5 FOOLPROOF WAYS FOR DOCTORS TO TANK THEIR MED MAL DEFENSE
Let's be real, no physician wants to get sued for medical malpractice. But unfortunately, it happens.
And when it does, you better believe that the patient’s attorney will subtly, or not so subtly, be doing everything in their power to paint you as a “BAD DOC."
If you want to increase your chance at a favorable outcome in your lawsuit,
here is a list of what NOT TO DO:
#1 Skimp on thoroughly studying your medical records and any other documents sent by your lawyer before the deposition.
This can make you look unprepared, and give the impression that you are not taking the case seriously. Opposing counsel will spin it to make it look like you were not fully informed about the patient’s case, which can raise questions about your care.
Depositions are a novel environment for most docs. Being unprepared will also throw you off kilter, triggering a fight or flight response. No bueno.
#2 Get defensive or argumentative during the deposition. This will make you look guilty, and like you have something to hide. It will also undermine your credibility as a witness.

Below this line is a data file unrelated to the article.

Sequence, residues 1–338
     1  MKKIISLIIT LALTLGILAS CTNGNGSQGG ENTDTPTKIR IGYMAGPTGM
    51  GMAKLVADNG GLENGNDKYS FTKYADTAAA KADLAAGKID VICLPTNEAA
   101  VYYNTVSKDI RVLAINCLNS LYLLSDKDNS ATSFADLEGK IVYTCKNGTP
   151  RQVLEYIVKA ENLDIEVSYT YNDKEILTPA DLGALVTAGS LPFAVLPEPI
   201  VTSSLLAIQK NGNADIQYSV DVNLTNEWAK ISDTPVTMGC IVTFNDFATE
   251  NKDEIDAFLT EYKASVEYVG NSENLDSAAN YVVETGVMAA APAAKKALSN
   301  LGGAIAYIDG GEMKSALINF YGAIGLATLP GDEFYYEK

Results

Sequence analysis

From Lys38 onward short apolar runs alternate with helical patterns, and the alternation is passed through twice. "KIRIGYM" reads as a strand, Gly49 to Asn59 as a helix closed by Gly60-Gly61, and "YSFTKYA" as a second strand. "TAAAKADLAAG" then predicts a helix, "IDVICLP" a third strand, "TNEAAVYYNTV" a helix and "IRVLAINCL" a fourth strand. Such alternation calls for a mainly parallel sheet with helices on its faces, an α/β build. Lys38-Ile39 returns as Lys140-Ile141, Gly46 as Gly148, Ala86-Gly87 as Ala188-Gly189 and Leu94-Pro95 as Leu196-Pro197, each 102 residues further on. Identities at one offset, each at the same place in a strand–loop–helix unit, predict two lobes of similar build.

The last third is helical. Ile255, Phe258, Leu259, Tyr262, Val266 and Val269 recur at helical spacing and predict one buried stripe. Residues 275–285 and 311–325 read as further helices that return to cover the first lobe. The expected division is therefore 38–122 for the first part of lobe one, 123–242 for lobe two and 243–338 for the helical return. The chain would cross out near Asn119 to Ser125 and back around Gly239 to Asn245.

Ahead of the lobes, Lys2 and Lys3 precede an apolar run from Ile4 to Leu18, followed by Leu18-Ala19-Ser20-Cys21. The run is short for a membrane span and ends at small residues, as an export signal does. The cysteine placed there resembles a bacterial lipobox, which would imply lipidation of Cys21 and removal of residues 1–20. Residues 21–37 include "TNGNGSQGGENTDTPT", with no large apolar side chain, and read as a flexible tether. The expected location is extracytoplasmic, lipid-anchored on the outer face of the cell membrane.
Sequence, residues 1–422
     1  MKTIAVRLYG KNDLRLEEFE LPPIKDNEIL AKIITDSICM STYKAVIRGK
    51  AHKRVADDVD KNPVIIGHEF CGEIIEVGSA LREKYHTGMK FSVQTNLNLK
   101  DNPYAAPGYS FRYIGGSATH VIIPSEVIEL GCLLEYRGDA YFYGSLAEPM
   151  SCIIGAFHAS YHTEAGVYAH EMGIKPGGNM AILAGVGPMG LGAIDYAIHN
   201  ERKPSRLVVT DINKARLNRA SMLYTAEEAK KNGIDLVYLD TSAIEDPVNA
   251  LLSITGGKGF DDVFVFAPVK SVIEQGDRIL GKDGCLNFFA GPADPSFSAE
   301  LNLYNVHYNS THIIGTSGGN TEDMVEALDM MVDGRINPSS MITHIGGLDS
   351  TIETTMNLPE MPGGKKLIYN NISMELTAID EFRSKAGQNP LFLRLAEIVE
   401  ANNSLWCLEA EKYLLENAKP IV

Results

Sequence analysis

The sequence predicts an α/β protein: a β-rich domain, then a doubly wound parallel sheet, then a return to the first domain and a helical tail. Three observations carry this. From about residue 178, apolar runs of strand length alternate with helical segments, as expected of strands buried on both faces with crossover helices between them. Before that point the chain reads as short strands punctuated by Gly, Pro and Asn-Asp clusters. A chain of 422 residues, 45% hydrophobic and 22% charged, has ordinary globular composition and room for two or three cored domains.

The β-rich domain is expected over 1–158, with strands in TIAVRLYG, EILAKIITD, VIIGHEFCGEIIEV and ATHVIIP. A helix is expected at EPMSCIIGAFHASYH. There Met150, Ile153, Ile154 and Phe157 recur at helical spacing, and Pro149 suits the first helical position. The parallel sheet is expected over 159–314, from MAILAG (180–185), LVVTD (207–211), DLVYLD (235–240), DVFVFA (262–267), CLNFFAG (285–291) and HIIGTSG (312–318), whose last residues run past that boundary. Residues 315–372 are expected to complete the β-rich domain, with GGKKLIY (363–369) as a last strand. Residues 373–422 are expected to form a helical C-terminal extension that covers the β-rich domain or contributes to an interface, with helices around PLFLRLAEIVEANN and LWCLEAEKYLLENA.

Remember: you are not going to win (but you can lose) your case at deposition. So leave the arguing for your lawyer.
#3 Point the finger at other healthcare providers.
Criticizing another healthcare professional plays RIGHT INTO opposing counsel’s hand. You are basically doing their job for them. Major penalty points against you with the jury.
#4 Not being able to explain your thought process to justify your medical decisions WITH CONFIDENCE.
If you are not 100% sure about your own care, how can the jury be?
#5 Take the bait and respond to hypothetical or speculative questions.
Trust me, anytime opposing counsel asks you to speculate or gives a hypothetical, it IS NOT to help your case.
They are trying to get YOU to build THEIR case against YOU. . . Don’t fall prey to that trap.
So, there you have it. Those are my TOP 5 NO NO’s.
But since I am not your lawyer, and my posts are never intended to be legal advice, be sure to ask your lawyer for theirs.